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Faith-Based Organizations Make Link Between Faith and Health

September 20, 2012

A new report on faith-based organizations (FBOs) confirms that these groups are vital to meet the current and future health care needs of Africa.

The report, commissioned by the Tony Blair Faith Foundation, synthesized research on the role and impact of the tens of thousands of FBOs working on health in Africa - organizations that represent a diversity of faiths and denominations. There’s a major pearl of wisdom in this report, but first, some key points.

There has always been a link between faith and health, going back thousands of years with people looking to spiritual forces for causes and cures to illnesses. Today’s faith-based organizations use more science-based technology and are major contributors to Africa’s health care systems while still addressing both physical as well as spiritual health.

The evidence is clear: FBOs have a major role to play in global health because of their vast networks globally and at the community level, their high level of trust from their constituents and community members, and their commitment to caring for the health and lives of everyone, including the most vulnerable.   

This report also highlights the strengths FBOs have, particularly in the area of community-based health and behavioral change communication programs.

Religious organizations all across Africa have become leaders in HIV education, prevention, and caring for HIV-positive community members. Pastors, imams and priests have become global health experts, and of course, they should know best how to speak to their community of faith with language and messages that are acceptable to and impactful with that community.

Another issue this report highlights is the difficulty of knowledge sharing within the faith-based community and with secular non-governmental organizations (NGOs), the private sector, and governments. Information and knowledge on lessons learned is generated but then tends to get lost. As a result, the people working on the ground providing services are oftentimes unaware of the work of others or research findings that could contribute to their own work.

The global health community is gradually engaging more with faith-based organizations, but there is an inclination of mistrust from both sides, secular and faith-based, when it comes to partnering. But, just as the panel concluded from the Perspectives event: we must all work together to make the world a better place.

The report provides a few recommendations for these organizations. Better research is needed on how faith-based organizations contribute to global health, the best way to document that contribution, and how to improve communication and collaboration between the FBOs and secular organizations as well.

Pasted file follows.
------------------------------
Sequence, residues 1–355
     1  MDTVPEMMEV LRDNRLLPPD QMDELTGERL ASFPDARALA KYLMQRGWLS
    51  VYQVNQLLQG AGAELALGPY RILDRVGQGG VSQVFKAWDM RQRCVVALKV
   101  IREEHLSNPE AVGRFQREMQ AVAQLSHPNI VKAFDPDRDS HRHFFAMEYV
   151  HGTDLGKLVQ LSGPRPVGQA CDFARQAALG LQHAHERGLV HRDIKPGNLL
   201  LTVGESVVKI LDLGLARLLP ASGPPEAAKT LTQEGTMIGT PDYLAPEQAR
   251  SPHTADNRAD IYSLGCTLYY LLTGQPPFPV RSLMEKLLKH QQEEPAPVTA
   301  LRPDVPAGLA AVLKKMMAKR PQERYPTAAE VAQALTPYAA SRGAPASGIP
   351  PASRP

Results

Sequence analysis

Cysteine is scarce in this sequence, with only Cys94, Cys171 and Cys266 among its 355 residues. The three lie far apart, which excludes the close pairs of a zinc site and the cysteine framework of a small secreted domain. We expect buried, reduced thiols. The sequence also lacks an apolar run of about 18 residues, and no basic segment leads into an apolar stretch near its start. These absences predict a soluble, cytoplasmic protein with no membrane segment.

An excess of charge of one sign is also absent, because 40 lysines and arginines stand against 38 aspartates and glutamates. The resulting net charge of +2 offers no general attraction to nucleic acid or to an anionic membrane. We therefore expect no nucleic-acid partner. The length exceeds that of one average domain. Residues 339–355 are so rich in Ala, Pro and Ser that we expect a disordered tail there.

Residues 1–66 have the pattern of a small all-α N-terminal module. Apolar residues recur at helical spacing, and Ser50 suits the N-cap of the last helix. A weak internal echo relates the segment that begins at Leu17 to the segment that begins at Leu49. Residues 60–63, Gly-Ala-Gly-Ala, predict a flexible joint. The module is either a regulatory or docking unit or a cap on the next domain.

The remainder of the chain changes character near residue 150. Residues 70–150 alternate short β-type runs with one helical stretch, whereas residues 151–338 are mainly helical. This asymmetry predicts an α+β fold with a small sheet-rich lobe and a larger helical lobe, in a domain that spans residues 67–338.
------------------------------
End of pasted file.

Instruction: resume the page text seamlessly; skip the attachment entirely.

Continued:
The report also suggests taking a fresh perspective of faith-based organizations in this rapidly-changing world of ours. Faith-based organizations should embrace this data-driven world to have better insight into their contributions, to identify changes in health markets, and to better deliver those services.

These organizations should be aware and react to changing trends in Africa. For example, the growing middle class may be at odds with the mission of many FBOs to help the poorest of the poor. Or the current global focus on strengthening government-run health systems, which would change the independent nature of many of the FBO’s services. A forward-looking view of the roles these organizations can and should play in health care in Africa will embrace these changes and allow them to continue to be vital to global health.

And the shining pearl of wisdom I discovered in the report? The lessons learned are not just for FBOs. All of us working in global health need to be forward-thinking, respond to changing trends, have better evidence for decision-making and strategies, and improve coordination and knowledge sharing between partners, regardless of our religious affiliation. Focusing on shared goals and common ground can help to build the trust that is critical for creating more effective and lasting partnerships.

For me, this report reiterates a repeated theme: each of us working in global health brings something different to the table. As such, we must work together to complement our efforts as we all want the same thing: to help those who really need our help to have healthier and more productive lives.

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